With Avast SecureLine VPN, Your Privacy
A VPN would have extensive knowledge of everything you do and see online if it wanted to act inappropriately. It’s crucial to comprehend what data a VPN gathers and how it safeguards that data for this reason.

Avast does a wonderful job of making it simple to locate and comprehend the corporate policy that pertains to VPNs. For such, the company deserves praise. The company explicitly declares that it does not keep track of DNS requests, browsing history, or the contents of sent data. That is how it ought to be.

The document continues by outlining the data that the business does collect. Although they are not always the ideal privacy standards, Avast is quite open about these operations, and nothing about them seems malevolent. Avast does record the timestamp of each connection, as it claims to be required to prevent abuse. Avast claims that it logs the amount of data delivered (but not the content) and a portion of your IP address in order to monitor its service and make improvements. Additionally, the business records the IP address of the VPN server you utilize, which, according to the business, aids in determining when services are unavailable. According to a corporate spokesman, this data is removed after a rolling 35-day period.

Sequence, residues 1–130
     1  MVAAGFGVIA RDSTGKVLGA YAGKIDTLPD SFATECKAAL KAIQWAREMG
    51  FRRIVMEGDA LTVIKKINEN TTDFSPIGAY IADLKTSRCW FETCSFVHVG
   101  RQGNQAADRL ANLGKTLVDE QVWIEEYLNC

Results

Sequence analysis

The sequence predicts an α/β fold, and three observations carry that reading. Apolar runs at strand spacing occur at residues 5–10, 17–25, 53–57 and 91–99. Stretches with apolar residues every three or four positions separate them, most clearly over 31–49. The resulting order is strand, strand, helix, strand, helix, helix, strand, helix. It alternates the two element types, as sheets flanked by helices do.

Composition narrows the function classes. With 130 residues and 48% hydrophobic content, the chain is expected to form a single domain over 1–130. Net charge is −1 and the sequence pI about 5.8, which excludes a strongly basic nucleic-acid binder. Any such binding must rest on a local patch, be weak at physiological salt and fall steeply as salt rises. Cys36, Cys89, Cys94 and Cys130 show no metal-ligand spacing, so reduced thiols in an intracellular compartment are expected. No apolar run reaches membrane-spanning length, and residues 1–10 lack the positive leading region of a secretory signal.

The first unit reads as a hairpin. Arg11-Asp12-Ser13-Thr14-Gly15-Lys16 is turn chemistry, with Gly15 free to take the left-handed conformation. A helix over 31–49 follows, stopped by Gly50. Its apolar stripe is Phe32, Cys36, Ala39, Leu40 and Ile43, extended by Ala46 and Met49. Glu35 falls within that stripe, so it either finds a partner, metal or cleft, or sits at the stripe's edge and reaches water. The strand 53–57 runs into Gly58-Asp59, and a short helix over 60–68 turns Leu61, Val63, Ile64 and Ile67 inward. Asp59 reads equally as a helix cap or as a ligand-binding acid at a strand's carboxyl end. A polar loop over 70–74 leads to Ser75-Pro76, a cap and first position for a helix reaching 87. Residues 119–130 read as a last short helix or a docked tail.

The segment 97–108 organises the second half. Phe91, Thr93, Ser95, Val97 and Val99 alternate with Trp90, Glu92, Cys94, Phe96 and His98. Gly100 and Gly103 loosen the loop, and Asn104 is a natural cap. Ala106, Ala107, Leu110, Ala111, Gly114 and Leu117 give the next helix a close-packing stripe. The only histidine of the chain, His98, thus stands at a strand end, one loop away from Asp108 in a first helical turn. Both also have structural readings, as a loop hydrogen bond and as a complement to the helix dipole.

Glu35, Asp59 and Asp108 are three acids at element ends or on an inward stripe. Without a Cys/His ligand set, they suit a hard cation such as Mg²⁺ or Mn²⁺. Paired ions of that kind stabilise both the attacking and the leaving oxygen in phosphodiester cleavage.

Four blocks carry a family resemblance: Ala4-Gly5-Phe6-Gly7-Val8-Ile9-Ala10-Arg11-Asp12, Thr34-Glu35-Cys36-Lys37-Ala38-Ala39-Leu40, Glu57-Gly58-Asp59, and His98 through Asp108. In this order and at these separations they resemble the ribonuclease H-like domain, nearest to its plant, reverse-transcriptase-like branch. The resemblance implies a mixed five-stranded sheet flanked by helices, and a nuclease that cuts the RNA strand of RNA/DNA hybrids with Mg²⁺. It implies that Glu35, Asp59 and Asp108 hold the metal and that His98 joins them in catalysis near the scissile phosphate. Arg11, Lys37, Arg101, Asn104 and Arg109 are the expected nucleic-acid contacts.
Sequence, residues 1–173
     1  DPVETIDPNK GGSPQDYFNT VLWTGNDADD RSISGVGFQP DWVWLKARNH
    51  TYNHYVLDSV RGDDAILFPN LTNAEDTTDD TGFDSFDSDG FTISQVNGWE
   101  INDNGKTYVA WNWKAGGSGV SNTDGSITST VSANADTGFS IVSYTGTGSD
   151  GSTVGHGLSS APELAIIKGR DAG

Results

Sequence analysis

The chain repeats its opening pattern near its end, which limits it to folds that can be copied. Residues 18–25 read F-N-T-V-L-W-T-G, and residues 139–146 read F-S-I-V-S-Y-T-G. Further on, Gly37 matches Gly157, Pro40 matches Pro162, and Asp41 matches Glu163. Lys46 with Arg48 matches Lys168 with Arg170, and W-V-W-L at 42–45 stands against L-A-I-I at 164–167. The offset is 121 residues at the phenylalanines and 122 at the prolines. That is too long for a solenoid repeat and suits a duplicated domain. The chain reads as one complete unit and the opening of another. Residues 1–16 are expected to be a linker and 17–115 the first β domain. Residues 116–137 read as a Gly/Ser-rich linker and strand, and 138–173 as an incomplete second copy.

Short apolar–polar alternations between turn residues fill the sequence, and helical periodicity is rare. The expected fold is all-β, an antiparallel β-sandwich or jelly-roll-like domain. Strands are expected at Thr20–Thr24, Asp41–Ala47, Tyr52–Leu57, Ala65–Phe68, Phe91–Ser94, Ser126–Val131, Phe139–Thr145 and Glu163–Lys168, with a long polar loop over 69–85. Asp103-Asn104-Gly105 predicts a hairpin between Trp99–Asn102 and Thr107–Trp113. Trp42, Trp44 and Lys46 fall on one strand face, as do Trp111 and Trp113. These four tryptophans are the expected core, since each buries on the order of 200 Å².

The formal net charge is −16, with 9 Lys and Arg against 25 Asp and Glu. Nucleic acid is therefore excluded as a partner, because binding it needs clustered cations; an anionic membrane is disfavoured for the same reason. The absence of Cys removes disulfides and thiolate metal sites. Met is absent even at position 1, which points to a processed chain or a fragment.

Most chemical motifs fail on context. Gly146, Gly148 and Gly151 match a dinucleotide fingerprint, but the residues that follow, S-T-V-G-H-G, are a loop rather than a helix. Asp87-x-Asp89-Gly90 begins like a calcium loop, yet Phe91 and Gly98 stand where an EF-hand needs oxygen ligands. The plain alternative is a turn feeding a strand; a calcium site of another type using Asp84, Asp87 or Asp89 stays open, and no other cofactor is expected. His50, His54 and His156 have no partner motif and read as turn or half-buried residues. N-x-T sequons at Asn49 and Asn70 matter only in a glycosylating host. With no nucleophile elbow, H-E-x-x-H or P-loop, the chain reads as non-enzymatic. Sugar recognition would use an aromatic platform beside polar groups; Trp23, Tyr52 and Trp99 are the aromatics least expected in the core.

Many VPN providers collect much less data. Notably, Mullvad does not even have an account system or a database to handle subscriptions. Instead, a long ID number is given to you, making it incredibly challenging to link VPN activities to a specific person. Avast should work to collect and store even less data.